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Americans are once again going on a gun-buying spree. The statistics suggest many of these purchasers are first-time gun buyers. Most are seeking greater security for themselves and their families in these uncertain times of a pandemic, deep political divides, and the appearance, at least, of rising crime.
But, according to the data, these guns will actually make these families less safe, because those guns have a far higher chance of being used in a suicide or against a family member than to stop an intruder.
According to recent reporting in the Hartford Courant, and carried by The Day, preliminary numbers provided by the Connecticut State Police showed 169,113 gun-sale authorizations in 2020, up from 126,458 in 2019, a one-third increase. And the trend has continued, with nearly 100,000 authorizations in the first half of 2021. Authorizations must be filled out before the sale or transfer of any firearm in the state.
Indicating many are first-time buyers is the surge in new gun permits, 31,170 issued in the first half of this year, double the 2019 total (in 2020 the pandemic interfered with the gun-permit process).
The jump in gun sales in Connecticut is likewise being seen across many parts of the country. A survey of gun retailers by the National Shooting Sports Foundation, based in Newtown, estimates 40% of those customers are first-time gun buyers.
The Connecticut Citizens Defense League, a nonprofit gun-rights advocacy group, told the Courant that from what it has seen, the biggest growth in new gun ownership is among women.
Study after study has shown more guns in homes leads to more deaths in homes, and not usually of bad guys. One of the most recent and comprehensive studies — “Firearm Ownership and Domestic Versus Nondomestic Homicide in the U.S.” — was published in the “American Journal of Preventive Medicine” two years ago, earning the publication’s recognition as its “article of the year.”
The study was led by Aaron J. Kivisto, a forensic and clinical psychologist who teaches behavioral sciences at the University of Indianapolis. Researchers looked at gun homicide rates in all states — involving partners, family members, acquaintances, and strangers — from 1990 to 2016.
Not good news − given the recent jump in gun buying − was the finding that as the gun ownership rate rises in a region the incidences of partners or family members being the victims of gun-related deaths due to domestic violence rises slightly faster.
Women are more at risk, accounting for about 3 out of 4 victims of intimate partner gun homicide.
Gun ownership rates ranged from 10% in the Northeast, to nearly 69% in the South. States with the highest firearm ownership had a 65% higher incidence rate of domestic firearm homicide compared to states with lower ownership.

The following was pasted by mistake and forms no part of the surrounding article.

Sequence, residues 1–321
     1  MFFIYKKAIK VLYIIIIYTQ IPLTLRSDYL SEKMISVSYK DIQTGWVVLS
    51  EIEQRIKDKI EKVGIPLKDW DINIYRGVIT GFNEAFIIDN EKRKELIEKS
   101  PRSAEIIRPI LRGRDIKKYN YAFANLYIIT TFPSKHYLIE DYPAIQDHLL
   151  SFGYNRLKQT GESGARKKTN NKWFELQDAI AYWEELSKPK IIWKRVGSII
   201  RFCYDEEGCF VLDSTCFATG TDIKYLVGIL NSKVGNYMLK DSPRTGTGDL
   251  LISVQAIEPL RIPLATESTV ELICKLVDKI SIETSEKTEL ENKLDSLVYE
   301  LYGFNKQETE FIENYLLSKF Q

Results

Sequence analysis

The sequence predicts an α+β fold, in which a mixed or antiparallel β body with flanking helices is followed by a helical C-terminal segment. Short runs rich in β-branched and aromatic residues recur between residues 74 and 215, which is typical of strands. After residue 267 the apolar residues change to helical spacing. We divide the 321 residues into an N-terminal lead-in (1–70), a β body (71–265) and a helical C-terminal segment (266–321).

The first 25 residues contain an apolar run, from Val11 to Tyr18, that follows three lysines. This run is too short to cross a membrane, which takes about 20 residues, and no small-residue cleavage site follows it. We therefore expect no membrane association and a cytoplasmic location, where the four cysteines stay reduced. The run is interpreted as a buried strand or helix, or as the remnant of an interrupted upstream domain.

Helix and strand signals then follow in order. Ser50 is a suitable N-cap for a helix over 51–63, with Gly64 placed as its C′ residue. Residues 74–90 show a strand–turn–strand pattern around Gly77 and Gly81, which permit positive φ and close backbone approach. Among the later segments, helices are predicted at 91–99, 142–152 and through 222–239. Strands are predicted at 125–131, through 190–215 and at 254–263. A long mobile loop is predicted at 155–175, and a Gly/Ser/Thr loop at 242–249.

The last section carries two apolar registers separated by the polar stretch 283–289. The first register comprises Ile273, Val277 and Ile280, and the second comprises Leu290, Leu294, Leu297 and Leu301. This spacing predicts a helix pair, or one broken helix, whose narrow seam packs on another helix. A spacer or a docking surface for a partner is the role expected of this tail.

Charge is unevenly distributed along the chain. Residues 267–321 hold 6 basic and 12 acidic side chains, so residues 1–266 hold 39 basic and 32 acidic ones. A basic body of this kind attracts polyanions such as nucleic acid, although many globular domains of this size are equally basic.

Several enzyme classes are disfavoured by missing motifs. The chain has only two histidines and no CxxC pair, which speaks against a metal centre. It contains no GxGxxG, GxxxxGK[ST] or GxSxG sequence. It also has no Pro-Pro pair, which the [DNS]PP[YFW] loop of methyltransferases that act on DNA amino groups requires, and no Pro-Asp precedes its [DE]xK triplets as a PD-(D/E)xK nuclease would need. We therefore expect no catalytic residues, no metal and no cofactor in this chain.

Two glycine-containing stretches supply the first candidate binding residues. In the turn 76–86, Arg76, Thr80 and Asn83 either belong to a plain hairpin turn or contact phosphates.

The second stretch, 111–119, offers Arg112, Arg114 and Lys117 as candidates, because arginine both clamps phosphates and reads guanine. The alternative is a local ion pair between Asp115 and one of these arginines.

If more guns equaled more safety, the United States should be the safest place on the planet, which of course it is not. The U.S. has about 121 firearms per 100 residents. No other nation comes close. Figures from the U.S. Centers for Disease Control and Prevention show there were around 38,300 deaths from guns in 2019, of which 62% — 23,900 — were suicides.
Gun-related killings account for three out of four homicides in the United States. Our country has a homicide rate of 5.35 per 100,000 people. By comparison, Mexico has a rate of 19.26 per 100,000, Canada 1.68, and France, the highest western European nation, 1.35.
The point is that buying a gun may well provide a false sense of security. Those exercising this right enshrined in the U.S. Constitution should engage in safe storage and other responsible practices to reduce the risk of anger or despondency resulting in a family tragedy. Unfortunately, many buying firearms for protection will want to keep them armed and ready.
As for one motivation for gun sales, rising crime, the picture is murky. Violent crime was up by about 3% in 2020 over the previous year, but that should be viewed in the context of a long-term downward trend from a peak in the early 1990s. It may be an anomaly.
More alarmingly, there were 25% more murders in 2020 than the prior year. The spike, however, is largely being seen in cities, with Chicago in particular a hotbed of gang gun violence.
Many will dismiss our commentary as needlessly alarmist because they know they will store and use their guns responsibly. We hope you do. But the data suggests too many will not, with tragic results.
The Day editorial board meets regularly with political, business and community leaders and convenes weekly to formulate editorial viewpoints. It is composed of President and Publisher Tim Dwyer, Editorial Page Editor Paul Choiniere, Managing Editor Izaskun E. Larrañeta, staff writer Erica Moser and retired deputy managing editor Lisa McGinley. However, only the publisher and editorial page editor are responsible for developing the editorial opinions. The board operates independently from the Day newsroom.
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